> call member functions in constructors (and in this case it shouldnt even
> be a problem with it not being initialized as it is merely being
> registered for later use). The compiler I am using is MSVC 6.0 and (if
> you hadnt guessed) its a win 32 system - but I dont think that the OS is
> the problem here.
>
> How do I get around the inability to compile? - is it my lack of
> knowledge of C++ (I only recently have made the transition from C .
> Ouch. )


Ummm... possibly

> - is it the compiler?


Ummm... probably not

The problems are:

1) possibly wrong newsgroup, but not really sure, since
2) insufficient information supplied.

Please read the FAQ:

http://www.parashift.com/c++-faq-lite/how-to-post.html

before posting here.

--
Lionel B
 
Reply With Quote
 
 
 
 
Mike Wahler
Guest
Posts: n/a
 
      01-02-2007

<(E-Mail Removed)> wrote in message
news:(E-Mail Removed) ups.com...
> Hi all,
>
> I have come up against a problem when I am registering a callback
> within a constructor. The code that I am writing contains a class that
> deals with everything to do with bringing up a window in the OS (I'm
> just trying to encapsulate everything that is particularly OS specific
> in my code).
>
> When the class is created the constructor is called and part of the
> goodness of window creation involves registering a callback that deals
> with messages passed between the OS and the window. The particular
> callback code is a member of this window class.
>
> It all goes something like this ....
>
> class win {
>
> public:
> win::win();
> LRESULT CALLBACK win::msghandler(arg1,arg2..);
>
> }
>
> win::win()
> {
> ...
> windowClass.lpfnWndProc = (WNDPROC)msghandler;
> ...
> }
>
> LRESULT CALLBACK win::msghandler(arg1,arg2..)
> {
> ...
> }
>
>
> Hopefully I have made it clear that the way that the callback member
> function is used is that it is cast to another type as part of the
> constructor's window initialization.
>
> Now the core of this code has all worked fine and dandy in C for me,
> but when I port it to C++ it fails and it appears that it fails when
> the compiler attempts to make the cast. I know that you should be able
> to call member functions in constructors (and in this case it shouldnt
> even be a problem with it not being initialized as it is merely being
> registered for later use). The compiler I am using is MSVC 6.0 and (if
> you hadnt guessed) its a win 32 system - but I dont think that the OS
> is the problem here.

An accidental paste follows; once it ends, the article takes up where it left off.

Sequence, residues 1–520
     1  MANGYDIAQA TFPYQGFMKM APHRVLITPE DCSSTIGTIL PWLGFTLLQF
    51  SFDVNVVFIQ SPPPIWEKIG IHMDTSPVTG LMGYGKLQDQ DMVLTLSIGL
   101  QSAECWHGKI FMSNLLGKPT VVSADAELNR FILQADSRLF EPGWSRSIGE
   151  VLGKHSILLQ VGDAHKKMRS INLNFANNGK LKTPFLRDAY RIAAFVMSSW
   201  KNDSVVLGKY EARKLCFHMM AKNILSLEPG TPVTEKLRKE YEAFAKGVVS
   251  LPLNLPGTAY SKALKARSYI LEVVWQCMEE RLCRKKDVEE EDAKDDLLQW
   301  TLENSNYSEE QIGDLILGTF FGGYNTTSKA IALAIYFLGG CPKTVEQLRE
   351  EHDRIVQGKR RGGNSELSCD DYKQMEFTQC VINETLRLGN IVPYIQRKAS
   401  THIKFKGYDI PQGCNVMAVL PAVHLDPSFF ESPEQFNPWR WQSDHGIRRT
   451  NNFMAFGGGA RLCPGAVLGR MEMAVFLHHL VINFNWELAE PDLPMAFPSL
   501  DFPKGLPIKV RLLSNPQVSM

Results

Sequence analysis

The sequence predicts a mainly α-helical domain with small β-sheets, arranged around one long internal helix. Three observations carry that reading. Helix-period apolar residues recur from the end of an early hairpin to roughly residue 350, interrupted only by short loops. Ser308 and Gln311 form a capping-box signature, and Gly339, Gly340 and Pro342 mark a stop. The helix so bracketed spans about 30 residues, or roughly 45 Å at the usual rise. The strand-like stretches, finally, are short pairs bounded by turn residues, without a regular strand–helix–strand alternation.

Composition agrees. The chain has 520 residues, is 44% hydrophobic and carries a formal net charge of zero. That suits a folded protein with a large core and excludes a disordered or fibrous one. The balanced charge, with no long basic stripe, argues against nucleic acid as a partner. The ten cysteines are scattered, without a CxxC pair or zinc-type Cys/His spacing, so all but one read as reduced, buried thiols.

>
> How do I get around the inability to compile?
> - is it my lack of knowledge of C++ (I only recently have made the
> transition from C . Ouch. )
> - is it the compiler?
>
> I dont want to split the constructor up into several functions as this
> kind of violates the reasons for using C++ in the first place, and
> though I can force it to work by declaring the callback as a static I
> create other problems for myself elsewhere.
>
> much thanks to everyone for your help and a happy new year - Mathew


The Microsoft Windows "Window Procedure" function cannot be a nonstatic
member function. Make it either a static member function or a non-member
function.

See the first three items at
http://www.parashift.com/c++-faq-lit...o-members.html

They don't discuss your exact issue, but similar ones of the same concept.

-Mike


 
Reply With Quote
 
 
 
Reply

Thread Tools

Posting Rules
You may not post new threads
You may not post replies
You may not post attachments
You may not edit your posts

BB code is On
Smilies are On
[IMG] code is On
HTML code is Off
Trackbacks are On
Pingbacks are On
Refbacks are Off


Similar Threads
Thread Thread Starter Forum Replies Last Post
Problem with depracated casting method (down casting) Wally Barnes C++ 3 11-20-2008 05:33 AM
A constructor calling another constructor (default constructor)? Generic Usenet Account C++ 10 11-28-2007 04:12 AM
call base class constructor from derived class constructor Rahul C++ 16 11-07-2007 03:40 PM
Calling base class constructor from derived class Copy constructor ali C++ 4 03-05-2007 09:15 AM
Invoking templatized base class constructor from templatized derived class constructor mrstephengross C++ 5 05-18-2005 07:12 PM



Advertisments